Whole blood samples were collected from the patients after an overnight fast during the time of the routine outpatient visit. The blood samples were processed immediately after sampling. The routine biochemical parameters, including blood and daily dialysate concentration of urea, creatinine, serum albumin, C-reactive protein (CRP), cholesterol, and glucose were carried out using an automatic analyzer “Flexor junior” (Netherlands). The hematological parameters of blood were determined using “ABX Micros-60” (France).

The adequacy of dialysis was determined by measuring the total weekly creatinine clearance (CrCl) (it was normalized to 1.73 m2 of the body surface area) and total weekly urea clearance (Kt/V) using the Watson formula for body water. Peritoneal Kt/V and renal Kt/V were estimated separately. The dialysate/plasma creatinine ratio (D/P) was calculated by the concentrations of creatinine in the 24-h dialysate and the plasma.

Along with the standard diagnostic methods, we defined the malondialdehyde concentration in the serum (MDAs) and erythrocytes (MDAe) as an indicator of lipid peroxidation. Such parameters as the concentration of ceruloplasmin (CP), transferrin (TR), and sulfhydryl groups (SH– groups) in the blood and total peroxidase activity in erythrocyte (TPAe) were studied as the indicators of antioxidant system. In order to estimate MDA and TPA in erythrocytes, we used erythrocyte suspension which was drawn using vials containing 3.8% sodium citrate and centrifuged at 3000g for 10 min. Red cell mass was washed three times with isotonic sodium chloride and centrifuged at 3000g for 10 min.

MDA concentration

In this assay, the following reagents were used: tris (hydroxymethyl) aminomethane, tris (hydroxymethyl) aminomethane hydrochloride, malonaldehyde bis (diethyl acetal) (Sigma-Aldrich, USA), trichloroacetic acid, and thiobarbituric acid (Merck, Germany), hydrochloric acid, and potassium chloride (HLR, Ukraine). About 0.1 ml serum or red blood cells were added to 1.5 ml 0.025 M Tris-buffer with potassium chloride (pH 7.4) and incubated at 37°C for 30 min. About 1 ml 20% of trichloroacetic acid solution was added to the samples and centrifuged at 3000g for 15 min. Supernatants (2 ml) were added to 1 ml 0.8% of thiobarbituric acid solution and heated at 100°C for 10 min. The absorbance was measured using spectrophotometer Lambda 25 UV/vis (PerkinElmer, USA) at 532 nm and calculated using a molar extinction coefficient of 1.56 × 105/M/cm.[14] Malonaldehydebis (diethyl acetal) solution was used as standard. MDA concentration was expressed as μmol/l.

CP concentration

We used the following reagents: 1,4-phenylenediamine dihydrochloride, ceruloplasmin human, sodium fluoride (Sigma-Aldrich, USA), sodium acetate (Merck, Germany), and acetic acid (HLR, Ukraine). The experimental samples: About 0.05 ml of serum was added to 4 ml 0.4 of acetic buffer solution (pH 5.5) and 0.5 ml 0.5% aqueous solution of 1,4-phenylenediaminedihydrochloride. The control samples: About 0.05 ml of serum was added to 1 ml 3% of sodium fluoride solution, 4 ml of acetate buffer solution, and 0.5 ml 0.5% aqueous solution of 1,4-phenylenediaminedihydrochloride. The samples were incubated at 37°C for 1 h. Around 1 ml 3% of sodium fluoride solution was added to the experimental samples. The absorbance was measured using a spectrophotometer KFK-3-01 (ZOMZ, Russia) at 530 nm.[14] The human CP solution (Sigma-Aldrich, USA) was used as standard. CP concentration was expressed as g/l.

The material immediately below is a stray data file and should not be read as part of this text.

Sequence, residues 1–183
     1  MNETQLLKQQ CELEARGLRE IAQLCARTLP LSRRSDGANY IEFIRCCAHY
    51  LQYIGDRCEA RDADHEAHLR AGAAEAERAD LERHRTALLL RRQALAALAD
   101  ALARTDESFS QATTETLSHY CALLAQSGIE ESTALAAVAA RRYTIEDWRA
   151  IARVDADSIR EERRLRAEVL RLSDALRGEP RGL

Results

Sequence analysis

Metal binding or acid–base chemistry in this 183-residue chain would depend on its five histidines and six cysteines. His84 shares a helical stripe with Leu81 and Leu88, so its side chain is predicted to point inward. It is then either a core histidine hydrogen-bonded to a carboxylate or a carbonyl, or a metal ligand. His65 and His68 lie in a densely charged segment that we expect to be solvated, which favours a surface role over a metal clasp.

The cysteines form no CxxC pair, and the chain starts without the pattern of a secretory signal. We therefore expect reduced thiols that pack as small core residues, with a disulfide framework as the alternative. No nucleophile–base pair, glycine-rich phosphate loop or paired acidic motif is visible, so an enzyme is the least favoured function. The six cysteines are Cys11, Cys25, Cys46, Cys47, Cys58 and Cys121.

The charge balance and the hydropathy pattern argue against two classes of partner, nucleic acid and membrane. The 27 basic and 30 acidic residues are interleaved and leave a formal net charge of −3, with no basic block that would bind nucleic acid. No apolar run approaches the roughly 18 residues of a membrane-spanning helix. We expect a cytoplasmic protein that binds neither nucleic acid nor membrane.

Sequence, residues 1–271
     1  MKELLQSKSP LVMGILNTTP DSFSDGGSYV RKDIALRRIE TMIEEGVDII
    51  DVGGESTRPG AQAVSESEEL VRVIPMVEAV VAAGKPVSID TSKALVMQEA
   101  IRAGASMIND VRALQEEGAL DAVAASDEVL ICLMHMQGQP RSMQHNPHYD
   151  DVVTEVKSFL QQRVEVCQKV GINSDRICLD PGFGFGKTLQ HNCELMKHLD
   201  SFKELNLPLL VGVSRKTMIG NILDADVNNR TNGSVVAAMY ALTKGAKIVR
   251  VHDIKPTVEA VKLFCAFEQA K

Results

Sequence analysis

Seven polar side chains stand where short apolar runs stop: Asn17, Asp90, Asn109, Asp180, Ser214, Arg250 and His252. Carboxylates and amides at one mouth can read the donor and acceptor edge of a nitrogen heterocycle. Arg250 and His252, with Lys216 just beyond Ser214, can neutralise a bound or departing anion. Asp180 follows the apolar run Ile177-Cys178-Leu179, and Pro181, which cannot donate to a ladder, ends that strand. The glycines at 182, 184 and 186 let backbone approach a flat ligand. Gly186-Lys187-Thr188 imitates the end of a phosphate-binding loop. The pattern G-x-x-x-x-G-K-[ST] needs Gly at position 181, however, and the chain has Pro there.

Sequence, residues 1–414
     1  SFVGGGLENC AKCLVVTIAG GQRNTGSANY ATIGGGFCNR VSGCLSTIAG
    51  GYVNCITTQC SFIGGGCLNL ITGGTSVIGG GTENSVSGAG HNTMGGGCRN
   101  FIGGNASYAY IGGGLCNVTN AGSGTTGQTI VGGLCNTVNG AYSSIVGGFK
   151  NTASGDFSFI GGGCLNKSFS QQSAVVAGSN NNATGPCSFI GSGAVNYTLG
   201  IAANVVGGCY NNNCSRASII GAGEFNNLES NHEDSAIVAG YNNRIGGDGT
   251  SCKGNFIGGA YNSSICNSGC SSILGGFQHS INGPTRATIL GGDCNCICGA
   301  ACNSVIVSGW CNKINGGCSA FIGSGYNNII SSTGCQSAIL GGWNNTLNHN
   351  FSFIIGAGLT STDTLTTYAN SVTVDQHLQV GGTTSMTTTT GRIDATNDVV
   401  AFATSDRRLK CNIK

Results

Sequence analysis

TR concentration

For this assay, we used ferric ammonium citrate (Sigma-Aldrich, USA) and TR (BioChemica, Fluka). About 0.2 ml of serum was added to 2 ml 0.2% of ammonium–iron (III)–citrate solution (pH 5.5–5.8). The absorbance was measured using a spectrophotometer Lambda 25 UV/vis (USA) at 440 nm.[14] TR concentration was calculated as the difference between the absorbance of the solution for 30 min. The human TR (BioChemica, Fluka) was used as standard. The result was expressed in g/l.

TPAe concentration

The TPAe was determined according to the following procedure.[14] We used the next reagents: indigo carmine (Sigma-Aldrich, USA), sodium acetate (Merck, Germany), acetic acid, hydrogen peroxide, and sulfuric acid (HLR, Ukraine). About 0.5 ml hemolysate of erythrocyte (1: 1000), 1 ml 0.2 M of acetate buffer (pH 4.9), and 1 ml 0.05 M of indigo carmine solution were incubated at 30°C for 5 min. The reaction started by the addition of 0.5 ml 0.03 M of hydrogen peroxide solution to the test samples. Then, 0.5 ml of distilled water to the control samples was added. The reaction stopped in 2 min by addition 3 ml 20% of sulfuric acid. The absorbance was measured using spectrophotometer KFK-3-01 (ZOMZ, Russia] at 670 nm. TPA of erythrocytes was expressed as μkat/g Hb.

The concentration of SH– groups

SH– groups in serum were determined according to the procedure.[14] For this assay, potassium iodide (Sigma-Aldrich, USA), iodine solution, sodium phosphate monosubstituted, bi-substituted, and starch (HLR, Ukraine) were used. About 0.05 ml of serum was dissolved in 0.5 ml of distilled water, and, then, 0.5 ml 6 M of potassium iodide solution, 2 drops of 5% starch solution, and 1.8 ml 0.1 M of phosphate buffer (pH 7.6) were added. The absorbance was measured using a spectrophotometer KFK-3-01 (ZOMZ, Russia) at 500 nm before and after the application of 0.3 ml 0.001 N of iodine solution. The SH– groups concentration was expressed as mmol/l.

Statistical analysis

Analysis and all graphs were performed using MedCalc (Belgium). The average means (M) and standard deviations (SD) or the median (Me) and interquartile ranges [Q25–Q75] were calculated according to a normal distribution. For the statistical analysis, we used Student's t-test and nonparametric (U-test) Mann–Whitney test. Categorical variables were expressed as proportions, and Chi-square tests were used for comparison of two groups. Pearson's or Spearman's (as appropriate) correlation tests were used to evaluate the association between oxidative stress biomarkers and PD adequacy parameters.